"It definitely takes a heavy toll on everybody personally that's on the job," Beckwith said. "We're small enough that everybody knows each other very well."
Other causes of death included job-related illnesses, stabbings and helicopter crashes. Two Atlanta police officers died in a helicopter crash in November during a nighttime search for a missing boy.
The Montclair Times Editorial: 'Mobile station' will enhance public safety
Community policing is an effective euphemism for police officers who are literally "in" a community, rather than driving through a neighborhood. Officers patrolling on sidewalks interact with residents and businesspeople. Gaining familiarity with their assigned beats, foot-patrol officers observe potential concerns and problems in the making. Walking along avenues, the officers' presence may discourage criminals — and the officers' presence certainly increases the perception of protection and security for folks residing, working or shopping on these avenues.
Perception is imperative, as is the presence of police.
Foot patrols must be augmented by officers in vehicles who can quickly respond to emergencies throughout Montclair. This synergy enhances public safety.
In Montclair and many other municipalities during recent decades, there's a preponderance of officers ensconced in their vehicles driving through neighborhoods without many, or any, officers walking in neighborhoods.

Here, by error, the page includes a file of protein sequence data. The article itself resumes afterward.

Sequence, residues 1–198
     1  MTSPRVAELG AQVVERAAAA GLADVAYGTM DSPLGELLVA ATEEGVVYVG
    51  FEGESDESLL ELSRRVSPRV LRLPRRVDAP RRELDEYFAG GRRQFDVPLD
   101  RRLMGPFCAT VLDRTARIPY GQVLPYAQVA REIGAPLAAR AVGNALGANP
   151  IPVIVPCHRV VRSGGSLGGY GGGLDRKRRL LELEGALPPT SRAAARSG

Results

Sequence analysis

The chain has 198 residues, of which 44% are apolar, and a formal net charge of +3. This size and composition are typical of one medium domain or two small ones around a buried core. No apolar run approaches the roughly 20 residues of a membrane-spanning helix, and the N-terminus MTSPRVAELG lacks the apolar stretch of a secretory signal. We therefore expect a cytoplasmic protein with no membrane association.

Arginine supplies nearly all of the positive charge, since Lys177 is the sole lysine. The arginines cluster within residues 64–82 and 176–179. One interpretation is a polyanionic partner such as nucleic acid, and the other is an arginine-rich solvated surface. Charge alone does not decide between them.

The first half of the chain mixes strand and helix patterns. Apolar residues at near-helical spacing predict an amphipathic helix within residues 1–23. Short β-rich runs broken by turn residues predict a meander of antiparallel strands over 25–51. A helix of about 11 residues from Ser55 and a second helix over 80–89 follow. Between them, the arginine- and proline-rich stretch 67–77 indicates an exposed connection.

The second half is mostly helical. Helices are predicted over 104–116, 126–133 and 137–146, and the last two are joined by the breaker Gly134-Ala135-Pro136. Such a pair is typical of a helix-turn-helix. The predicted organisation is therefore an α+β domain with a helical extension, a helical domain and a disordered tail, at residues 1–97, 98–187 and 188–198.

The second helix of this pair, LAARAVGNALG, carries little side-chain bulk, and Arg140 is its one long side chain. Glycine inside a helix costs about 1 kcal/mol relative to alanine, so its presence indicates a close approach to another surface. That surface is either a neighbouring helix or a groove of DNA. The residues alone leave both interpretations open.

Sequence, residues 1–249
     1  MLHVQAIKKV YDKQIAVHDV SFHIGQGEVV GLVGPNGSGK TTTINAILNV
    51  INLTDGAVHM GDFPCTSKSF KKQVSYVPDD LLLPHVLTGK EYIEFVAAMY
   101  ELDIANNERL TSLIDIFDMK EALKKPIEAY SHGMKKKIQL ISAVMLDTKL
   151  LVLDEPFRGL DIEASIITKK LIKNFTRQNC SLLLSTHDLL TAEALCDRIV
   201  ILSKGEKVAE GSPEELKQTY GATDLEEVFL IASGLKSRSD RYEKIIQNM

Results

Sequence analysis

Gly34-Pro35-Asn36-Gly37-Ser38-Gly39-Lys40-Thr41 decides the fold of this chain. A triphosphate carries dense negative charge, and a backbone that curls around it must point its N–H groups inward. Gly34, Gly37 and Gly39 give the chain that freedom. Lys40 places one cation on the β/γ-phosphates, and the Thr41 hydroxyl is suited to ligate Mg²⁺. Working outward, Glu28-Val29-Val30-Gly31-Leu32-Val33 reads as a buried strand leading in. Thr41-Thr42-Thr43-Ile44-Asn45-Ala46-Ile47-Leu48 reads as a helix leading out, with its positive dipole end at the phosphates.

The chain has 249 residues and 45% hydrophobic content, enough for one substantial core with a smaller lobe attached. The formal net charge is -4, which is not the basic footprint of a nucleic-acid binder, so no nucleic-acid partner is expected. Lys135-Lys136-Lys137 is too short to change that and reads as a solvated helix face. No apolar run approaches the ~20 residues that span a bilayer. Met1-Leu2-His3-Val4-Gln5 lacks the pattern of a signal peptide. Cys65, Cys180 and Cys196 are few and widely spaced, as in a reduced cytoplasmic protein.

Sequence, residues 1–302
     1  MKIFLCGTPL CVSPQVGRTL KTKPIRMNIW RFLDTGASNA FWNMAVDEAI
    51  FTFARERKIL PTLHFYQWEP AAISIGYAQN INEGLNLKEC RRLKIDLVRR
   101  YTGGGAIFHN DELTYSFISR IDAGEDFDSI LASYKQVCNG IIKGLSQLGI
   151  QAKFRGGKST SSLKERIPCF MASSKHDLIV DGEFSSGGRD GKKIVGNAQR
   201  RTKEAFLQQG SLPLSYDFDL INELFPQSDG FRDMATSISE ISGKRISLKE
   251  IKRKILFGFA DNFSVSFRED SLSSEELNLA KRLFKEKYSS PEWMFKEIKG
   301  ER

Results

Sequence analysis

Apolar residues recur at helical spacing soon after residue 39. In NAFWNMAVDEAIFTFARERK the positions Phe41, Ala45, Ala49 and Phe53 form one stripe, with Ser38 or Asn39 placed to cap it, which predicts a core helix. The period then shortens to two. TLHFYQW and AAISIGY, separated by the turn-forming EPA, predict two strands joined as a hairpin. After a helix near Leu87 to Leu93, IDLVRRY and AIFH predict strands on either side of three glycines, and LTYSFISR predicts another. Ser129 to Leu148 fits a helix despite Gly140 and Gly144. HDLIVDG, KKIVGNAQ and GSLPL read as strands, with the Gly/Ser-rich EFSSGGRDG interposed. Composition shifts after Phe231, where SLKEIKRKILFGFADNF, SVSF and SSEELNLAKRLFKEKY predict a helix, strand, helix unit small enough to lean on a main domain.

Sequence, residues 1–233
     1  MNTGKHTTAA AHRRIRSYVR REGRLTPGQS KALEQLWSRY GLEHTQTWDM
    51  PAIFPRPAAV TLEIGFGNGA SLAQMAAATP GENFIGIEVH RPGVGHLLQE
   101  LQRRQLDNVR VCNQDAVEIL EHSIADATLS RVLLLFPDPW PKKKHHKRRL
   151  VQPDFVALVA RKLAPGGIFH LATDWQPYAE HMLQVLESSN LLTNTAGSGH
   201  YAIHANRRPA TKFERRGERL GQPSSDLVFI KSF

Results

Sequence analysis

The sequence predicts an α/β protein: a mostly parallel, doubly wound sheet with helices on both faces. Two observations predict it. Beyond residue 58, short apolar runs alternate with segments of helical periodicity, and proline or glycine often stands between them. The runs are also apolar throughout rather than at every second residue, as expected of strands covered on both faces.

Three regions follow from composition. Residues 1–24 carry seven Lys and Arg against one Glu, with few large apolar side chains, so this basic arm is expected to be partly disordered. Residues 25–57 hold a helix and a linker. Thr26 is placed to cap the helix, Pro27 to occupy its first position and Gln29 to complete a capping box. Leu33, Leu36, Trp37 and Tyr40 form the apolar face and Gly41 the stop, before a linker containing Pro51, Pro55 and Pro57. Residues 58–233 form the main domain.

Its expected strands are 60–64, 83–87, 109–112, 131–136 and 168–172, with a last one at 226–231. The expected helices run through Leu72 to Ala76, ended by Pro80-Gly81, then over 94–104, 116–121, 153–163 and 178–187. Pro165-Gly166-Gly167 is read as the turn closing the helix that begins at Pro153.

Recognizing residents' request for officers to be available for face-to-face conversations, more than a dozen years ago Montclair established an auxiliary police station in a storefront in Lackawanna Plaza shopping center in the 4th Ward. Our town also bought and installed a trailer in a field off Glenridge Avenue, also in the 4th Ward. The trailer served as a community-policing facility for officers who patrolled the neighborhood. This station generally was staffed, however, with officers during daytime hours. At night, when crime is always more prevalent, the trailer was usually unstaffed. Eventually, the Montclair Police Department vacated its storefront and locked its trailer, abandoning this version of community policing.
Montclair 's vacant community-policing trailer, ironically, got plastered with graffiti.
Montclair Police Chief David Sabagh requests a specialized box truck that would function as a mobile community policing station. The Community Service Unit vehicle is not inexpensive: Equipped with computers and communications gear, the truck is pegged at $175,000.
Pricier is Sabagh's request to the Township Council to hire five police officers for this unit, and presumably the promotion to, or creation of, a supervisory slot to oversee the unit.
A mobile community policing vehicle is logical for Montclair and will provide immediate value and long-term assurance in Montclair's neighborhoods where crime is high and a gang presence is conspicuous. It will be a forward base from which police officers and detectives can operate, and will invite residents to interact with the vehicle's officers.
Montclair can use more patrol officers to staff the police chief's proposed unit. In this budget-shocked era, the Township Council members must weigh where the dollars come from, now and in upcoming tax-stressed years.